Subscribe to Newsletter
Business & Profession Health Economics and Policy

An Issue of Inequity

When people ask me where I’m from, I usually answer, “Glasgow, Scotland.” (I’m actually from Coatbridge, two miles east of the city’s border, but few people outside of Scotland have heard of the place, so Glasgow is close enough.) True to my roots, I’d like to highlight the work of a Glasgow-based academic called Watt – not James, but Graham.

Graham Watt is a Professor of General Practice at Glasgow University, and is also a founder of “General Practitioners at the Deep End,” which works with the GPs serving patients from the most deprived areas of the city. The project has revealed Glasgow to be a stark example of the Inverse Care Law (1), which suggests that the availability of good medical care tends to vary inversely with its need in the population it serves. One finding was spectacular, especially in a country with universal social medicine: the life expectancies of men and women in the lowest socioeconomic groups were 57 and 61 years – compared with 76 and 78 years for the richest (2).

I recently read that there’s not only a difference of seven years in life expectancy between the poorest and richest members of society in the UK, but also a difference of 17 years in “disability free life” (3). There are many interrelated socio- and health-economic reasons at play here, but the reality is that being poor begets poorer outcomes.

And eyecare is not immune. Many vision problems are detected by eye tests in the community, usually by an optician or optometrist. In relatively affluent areas, people usually present regularly for tests, have any vision problems identified, and start down a suitable treatment path. But in deprived areas, far fewer people present (4). Why? Because they are scared of the perceived cost of spectacles. And so ocular disease gets caught later – with predictable consequences on outcomes.

What can be done? There are many societal issues that need to be addressed, but community engagement and a concerted investment in campaigns to drive awareness of ocular disease is one proposed route (5). Unfortunately, when it comes to healthcare funding in many countries, these are uncertain times. The battle to improve medical outcomes across the socioeconomic spectrum will cost precious time and resources. But surely it is a battle we should fight hard to win.

Mark Hillen

Receive content, products, events as well as relevant industry updates from The Ophthalmologist and its sponsors.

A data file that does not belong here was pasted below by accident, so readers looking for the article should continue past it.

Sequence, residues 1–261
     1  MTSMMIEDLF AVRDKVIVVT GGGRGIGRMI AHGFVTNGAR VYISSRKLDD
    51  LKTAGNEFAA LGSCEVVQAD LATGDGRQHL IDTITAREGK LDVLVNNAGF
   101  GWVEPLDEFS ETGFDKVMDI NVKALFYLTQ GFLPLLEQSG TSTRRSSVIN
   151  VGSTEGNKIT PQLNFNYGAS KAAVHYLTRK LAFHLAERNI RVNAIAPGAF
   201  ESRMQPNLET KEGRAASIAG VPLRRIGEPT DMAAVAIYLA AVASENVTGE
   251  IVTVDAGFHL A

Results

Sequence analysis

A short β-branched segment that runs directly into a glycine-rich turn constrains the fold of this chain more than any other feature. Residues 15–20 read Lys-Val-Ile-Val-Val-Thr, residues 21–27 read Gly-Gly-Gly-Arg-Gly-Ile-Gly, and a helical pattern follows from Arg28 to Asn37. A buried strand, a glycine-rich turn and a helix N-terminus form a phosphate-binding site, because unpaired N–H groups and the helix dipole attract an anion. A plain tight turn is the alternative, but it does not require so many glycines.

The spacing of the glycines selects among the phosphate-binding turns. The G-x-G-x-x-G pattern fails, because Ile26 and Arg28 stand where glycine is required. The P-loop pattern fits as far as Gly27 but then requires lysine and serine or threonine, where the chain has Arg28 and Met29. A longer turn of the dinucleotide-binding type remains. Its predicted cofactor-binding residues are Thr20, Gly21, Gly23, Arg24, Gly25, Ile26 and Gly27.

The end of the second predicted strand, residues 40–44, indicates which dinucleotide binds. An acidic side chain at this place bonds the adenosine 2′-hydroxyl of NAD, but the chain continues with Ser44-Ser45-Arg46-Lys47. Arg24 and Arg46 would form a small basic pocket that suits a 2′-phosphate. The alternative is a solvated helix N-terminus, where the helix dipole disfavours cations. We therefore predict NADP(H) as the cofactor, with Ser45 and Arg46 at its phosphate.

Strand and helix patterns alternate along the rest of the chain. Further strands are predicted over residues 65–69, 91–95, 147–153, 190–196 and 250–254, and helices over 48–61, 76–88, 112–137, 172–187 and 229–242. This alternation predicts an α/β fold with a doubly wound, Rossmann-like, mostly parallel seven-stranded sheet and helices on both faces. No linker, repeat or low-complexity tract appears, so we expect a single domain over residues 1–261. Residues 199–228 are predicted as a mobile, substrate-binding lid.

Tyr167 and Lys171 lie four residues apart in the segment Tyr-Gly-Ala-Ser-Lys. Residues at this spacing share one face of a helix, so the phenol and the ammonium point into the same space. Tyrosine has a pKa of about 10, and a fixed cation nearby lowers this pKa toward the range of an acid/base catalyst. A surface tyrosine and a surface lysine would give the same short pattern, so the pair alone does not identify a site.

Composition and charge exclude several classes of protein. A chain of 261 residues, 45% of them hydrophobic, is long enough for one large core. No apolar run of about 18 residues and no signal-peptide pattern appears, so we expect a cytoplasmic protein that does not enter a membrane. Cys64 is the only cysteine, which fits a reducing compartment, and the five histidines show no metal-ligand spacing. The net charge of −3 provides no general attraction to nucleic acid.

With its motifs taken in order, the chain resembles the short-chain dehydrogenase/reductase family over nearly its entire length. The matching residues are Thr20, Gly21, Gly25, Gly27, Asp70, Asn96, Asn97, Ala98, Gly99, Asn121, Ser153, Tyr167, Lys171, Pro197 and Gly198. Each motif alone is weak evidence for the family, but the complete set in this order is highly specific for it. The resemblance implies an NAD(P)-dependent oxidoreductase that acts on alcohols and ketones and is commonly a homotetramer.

When you click “Subscribe” we will email you a link, which you must click to verify the email address above and activate your subscription. If you do not receive this email, please contact us at [email protected].
If you wish to unsubscribe, you can update your preferences at any point.

  1. JT Hart, “The inverse care law”, Lancet, 27, 405–412 (1971). PMID: 4100731.
  2. University of Glasgow, “GPs at the Deep end” (2013). Available at Accessed January 17, 2017.
  3. UCL Institute of Health Equity (2010) ‘Fair Society Healthy Lives’ (The Marmot Review). Available at Accessed January 17, 2017.
  4. D Hardiman-McCartney, P Alexander, “See the gap, growing eye health inequality” (2016). Available at Accessed January 17, 2017.
  5. UK Vision Strategy, “Eye care: a public health issue” (2016). Available at Accessed January 17, 2017.
About the Author
Mark Hillen

I spent seven years as a medical writer, writing primary and review manuscripts, congress presentations and marketing materials for numerous – and mostly German – pharmaceutical companies. Prior to my adventures in medical communications, I was a Wellcome Trust PhD student at the University of Edinburgh.

Product Profiles

Access our product directory to see the latest products and services from our industry partners

Most Popular
Register to The Ophthalmologist

Register to access our FREE online portfolio, request the magazine in print and manage your preferences.

You will benefit from:
  • Unlimited access to ALL articles
  • News, interviews & opinions from leading industry experts
  • Receive print (and PDF) copies of The Ophthalmologist magazine



The Ophthalmologist website is intended solely for the eyes of healthcare professionals. Please confirm below: